Obviously, Opaquely

A few days ago I was having a complete artist-lame-vain freakout over editing my work for presentation. It’s so silly now because it was such a self-indulgent activity. What of my brilliant work should I cut? Damn you Time Limits for not respecting my rambling genius!

I wish I could say that my reading was brilliant, but that would certainly be an overstatement. Although I have some modest high school oral interpretation experience (second in TFA State Poetry–if you know what that means, you know how little it really means) and a much more impressive BFA in Acting (NYU’s Tisch, darling), I am essentially a shy, antsy performer. My reading broke the cardinal rule–I never looked up to connect with my audience. I just read the piece and tried not choke up on the sections which were deeply personal (sting rays–one of my deep issues).

However, even with all that, I think I might have gained my first fan. An attendee came up to me afterward during the panel part of the event and told me how much he loved my work, how authentic my portrayal of Aboriginal prejudices and culture were, and . . . how much my style reminded him of J.D. Salinger.

I won’t lie–that last part threw me. He actually said, “You are so reminscient of Salinger thematically. Stylistically, maybe a little. But your themes, your tone–it’s rings Salinger. It rips the guts like Salinger. You know Salinger?”

Between us, I said yes without thinking because I didn’t want to seem stupid in front of someone who liked my writing. When he asked my favorite Salinger piece, I stalled before asking, “You are referring to J.D. Salinger?” I finally asked because I felt like I was a fraud if he was talking about some other Salinger that happened to be an Australian author that I was too dumb to know (my piece deals with Australia).

“Yes, of course.”

Then I was off. I talked in depth about my love of Catcher in Rye. Those who graduated with me will hopefully remember reading this Junior year (even though she taught from CliffsNotes!). I remember every second of reading that novel because it was the first book I read that wasn’t a children’s book to which I deeply connected. I have even argued that teaching it to teenagers is important because it is really the first thing they can relate to (although with Teen Mom, perhaps The Scarlet Letter isn’t so far off). When Salinger died, I read a passage from it to my creative writing class and was even more grieved because no one in the room had read it. One of my deepest hopes in life is to own an original edition (that and On the Road).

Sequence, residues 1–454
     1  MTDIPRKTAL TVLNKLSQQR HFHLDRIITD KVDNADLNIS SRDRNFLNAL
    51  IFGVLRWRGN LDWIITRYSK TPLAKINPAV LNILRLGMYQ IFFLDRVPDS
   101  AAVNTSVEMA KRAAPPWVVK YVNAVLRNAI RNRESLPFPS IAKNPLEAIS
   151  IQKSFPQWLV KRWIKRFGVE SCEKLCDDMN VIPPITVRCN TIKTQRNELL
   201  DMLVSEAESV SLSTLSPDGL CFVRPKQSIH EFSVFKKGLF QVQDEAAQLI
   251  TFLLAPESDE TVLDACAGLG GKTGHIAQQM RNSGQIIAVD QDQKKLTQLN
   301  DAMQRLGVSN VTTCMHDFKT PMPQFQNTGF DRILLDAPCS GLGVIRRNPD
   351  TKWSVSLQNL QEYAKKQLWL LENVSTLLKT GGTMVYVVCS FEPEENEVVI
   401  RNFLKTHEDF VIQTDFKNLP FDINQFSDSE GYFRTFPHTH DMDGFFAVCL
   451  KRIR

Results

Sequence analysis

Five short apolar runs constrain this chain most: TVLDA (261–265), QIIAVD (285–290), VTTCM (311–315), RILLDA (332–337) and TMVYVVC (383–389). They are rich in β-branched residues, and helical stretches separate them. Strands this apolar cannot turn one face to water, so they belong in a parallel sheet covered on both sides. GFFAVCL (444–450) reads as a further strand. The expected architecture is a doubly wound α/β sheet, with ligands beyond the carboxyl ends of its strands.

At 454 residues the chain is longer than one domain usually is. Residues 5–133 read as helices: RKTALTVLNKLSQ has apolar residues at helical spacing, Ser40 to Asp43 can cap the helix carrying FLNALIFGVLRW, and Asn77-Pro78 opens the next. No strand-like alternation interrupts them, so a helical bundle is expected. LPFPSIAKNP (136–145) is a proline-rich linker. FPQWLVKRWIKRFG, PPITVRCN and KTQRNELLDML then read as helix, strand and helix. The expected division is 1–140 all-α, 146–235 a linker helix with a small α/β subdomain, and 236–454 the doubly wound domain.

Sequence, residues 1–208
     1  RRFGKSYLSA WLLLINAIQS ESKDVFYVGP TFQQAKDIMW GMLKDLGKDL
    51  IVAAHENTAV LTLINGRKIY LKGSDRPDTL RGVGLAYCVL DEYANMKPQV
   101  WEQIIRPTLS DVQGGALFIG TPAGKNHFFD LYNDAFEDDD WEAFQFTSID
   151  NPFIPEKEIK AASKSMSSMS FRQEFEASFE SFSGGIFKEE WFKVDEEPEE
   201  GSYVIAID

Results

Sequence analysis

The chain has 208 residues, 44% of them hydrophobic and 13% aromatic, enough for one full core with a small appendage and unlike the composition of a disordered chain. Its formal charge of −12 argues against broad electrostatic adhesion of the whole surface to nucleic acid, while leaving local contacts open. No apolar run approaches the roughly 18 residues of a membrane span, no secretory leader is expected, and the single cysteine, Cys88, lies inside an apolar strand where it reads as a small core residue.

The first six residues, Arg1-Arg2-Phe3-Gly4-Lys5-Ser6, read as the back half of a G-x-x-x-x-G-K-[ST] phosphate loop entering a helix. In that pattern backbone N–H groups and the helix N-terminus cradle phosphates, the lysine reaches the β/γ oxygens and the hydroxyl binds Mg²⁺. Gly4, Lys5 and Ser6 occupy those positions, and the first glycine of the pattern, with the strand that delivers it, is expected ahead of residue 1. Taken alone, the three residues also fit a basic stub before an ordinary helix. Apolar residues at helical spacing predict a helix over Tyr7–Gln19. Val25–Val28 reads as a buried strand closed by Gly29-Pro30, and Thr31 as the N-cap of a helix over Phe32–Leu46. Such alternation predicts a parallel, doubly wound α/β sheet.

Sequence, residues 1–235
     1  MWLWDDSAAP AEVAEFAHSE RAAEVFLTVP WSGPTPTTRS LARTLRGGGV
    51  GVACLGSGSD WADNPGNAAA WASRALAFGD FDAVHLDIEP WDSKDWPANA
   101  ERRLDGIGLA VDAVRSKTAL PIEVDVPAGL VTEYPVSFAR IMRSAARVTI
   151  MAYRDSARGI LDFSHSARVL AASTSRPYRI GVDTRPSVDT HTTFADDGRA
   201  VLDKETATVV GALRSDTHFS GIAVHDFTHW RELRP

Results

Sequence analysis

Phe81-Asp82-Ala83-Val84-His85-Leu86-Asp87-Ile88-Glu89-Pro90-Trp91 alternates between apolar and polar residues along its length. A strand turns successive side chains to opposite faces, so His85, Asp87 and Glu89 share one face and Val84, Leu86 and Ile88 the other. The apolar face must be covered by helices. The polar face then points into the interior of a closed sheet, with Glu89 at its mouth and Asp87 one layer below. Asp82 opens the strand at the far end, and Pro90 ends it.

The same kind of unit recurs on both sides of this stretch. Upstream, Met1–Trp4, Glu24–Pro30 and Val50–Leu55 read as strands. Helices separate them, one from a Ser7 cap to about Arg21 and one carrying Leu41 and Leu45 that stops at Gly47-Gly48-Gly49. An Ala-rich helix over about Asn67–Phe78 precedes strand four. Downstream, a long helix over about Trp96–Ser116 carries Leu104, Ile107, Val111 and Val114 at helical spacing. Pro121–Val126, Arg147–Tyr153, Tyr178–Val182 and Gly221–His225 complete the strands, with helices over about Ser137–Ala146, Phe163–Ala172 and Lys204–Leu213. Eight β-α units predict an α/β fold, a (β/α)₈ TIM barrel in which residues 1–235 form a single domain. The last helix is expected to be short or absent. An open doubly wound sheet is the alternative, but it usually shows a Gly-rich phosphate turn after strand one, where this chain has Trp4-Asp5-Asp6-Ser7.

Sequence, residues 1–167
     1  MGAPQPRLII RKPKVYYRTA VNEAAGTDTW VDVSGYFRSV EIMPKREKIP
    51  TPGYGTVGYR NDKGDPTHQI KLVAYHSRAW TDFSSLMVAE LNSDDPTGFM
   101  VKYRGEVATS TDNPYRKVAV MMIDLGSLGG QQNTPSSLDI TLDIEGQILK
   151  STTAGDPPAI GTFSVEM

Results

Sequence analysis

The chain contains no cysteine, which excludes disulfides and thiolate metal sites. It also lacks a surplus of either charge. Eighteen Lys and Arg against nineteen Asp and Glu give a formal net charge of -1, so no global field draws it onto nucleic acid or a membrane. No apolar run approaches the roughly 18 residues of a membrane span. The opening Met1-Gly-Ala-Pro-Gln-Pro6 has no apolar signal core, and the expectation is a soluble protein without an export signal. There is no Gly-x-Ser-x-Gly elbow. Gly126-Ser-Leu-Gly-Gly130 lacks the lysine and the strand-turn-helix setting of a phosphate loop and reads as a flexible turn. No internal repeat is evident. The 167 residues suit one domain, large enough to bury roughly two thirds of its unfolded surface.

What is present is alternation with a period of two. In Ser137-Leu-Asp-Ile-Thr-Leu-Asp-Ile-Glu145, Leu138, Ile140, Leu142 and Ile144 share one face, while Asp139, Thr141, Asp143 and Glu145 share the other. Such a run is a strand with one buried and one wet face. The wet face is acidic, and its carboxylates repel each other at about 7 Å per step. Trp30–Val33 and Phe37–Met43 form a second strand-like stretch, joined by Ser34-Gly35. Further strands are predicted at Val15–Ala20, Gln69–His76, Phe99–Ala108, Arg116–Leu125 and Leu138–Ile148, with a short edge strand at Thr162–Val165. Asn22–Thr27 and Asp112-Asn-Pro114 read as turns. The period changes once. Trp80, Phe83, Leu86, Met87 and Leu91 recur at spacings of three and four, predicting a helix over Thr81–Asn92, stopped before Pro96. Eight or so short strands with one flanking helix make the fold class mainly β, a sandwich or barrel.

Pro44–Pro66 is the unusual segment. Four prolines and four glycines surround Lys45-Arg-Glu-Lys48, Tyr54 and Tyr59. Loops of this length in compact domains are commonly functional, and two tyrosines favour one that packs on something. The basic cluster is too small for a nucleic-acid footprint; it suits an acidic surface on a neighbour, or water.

However, that doesn’t end my Salinger connection. My junior year at NYU, my acting professor had me do an acting scene based around Salinger’s “Uncle Wiggly in Connecticut” from his short story collection Nine Stories. We’ll skip over my acting talents to the point that I read the entire collection and loved it. In fact, it traveled with me for years. Something about his collection spoke to me.

So naturally when I was given an assignment in graduate Creative Writing of picking a story I admired, I selected one from Nine Stories. The story was “A Perfect Day for Bananafish.” And through an almost painfully drawn out exercise, it suddenly clicked how to construct dialogue. I have not struggled with dialogue since and I have not picked up Nine Stories since.

When that man brought it up, I started mulling it over. It would never occur to me to compare myself to someone like Salinger in any state or form. I could pretend to see the similarities–masculine dysfunction, mental disintegration, questions of identity, the banality of American existence?

Absolutely.

But in reality? Not so much. I’m just some girl trying to write some story.

But I appreciate the thought.

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Categories: Life and Other Nonsense | Tags: , , , , , , , , | Leave a comment

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